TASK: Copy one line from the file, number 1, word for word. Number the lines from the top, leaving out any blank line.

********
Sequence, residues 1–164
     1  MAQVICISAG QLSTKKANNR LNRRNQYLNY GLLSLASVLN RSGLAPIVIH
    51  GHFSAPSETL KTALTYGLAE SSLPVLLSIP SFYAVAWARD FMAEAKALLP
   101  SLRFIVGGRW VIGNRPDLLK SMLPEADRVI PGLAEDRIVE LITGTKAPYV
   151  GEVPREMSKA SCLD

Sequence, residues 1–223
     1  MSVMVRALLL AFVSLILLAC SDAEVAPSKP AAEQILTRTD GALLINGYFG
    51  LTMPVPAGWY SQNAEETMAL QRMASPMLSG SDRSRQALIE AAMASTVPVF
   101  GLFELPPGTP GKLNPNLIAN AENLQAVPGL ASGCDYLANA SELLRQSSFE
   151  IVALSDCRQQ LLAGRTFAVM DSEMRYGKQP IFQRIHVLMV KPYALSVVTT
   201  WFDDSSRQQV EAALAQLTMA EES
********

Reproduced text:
Sequence, residues 1–164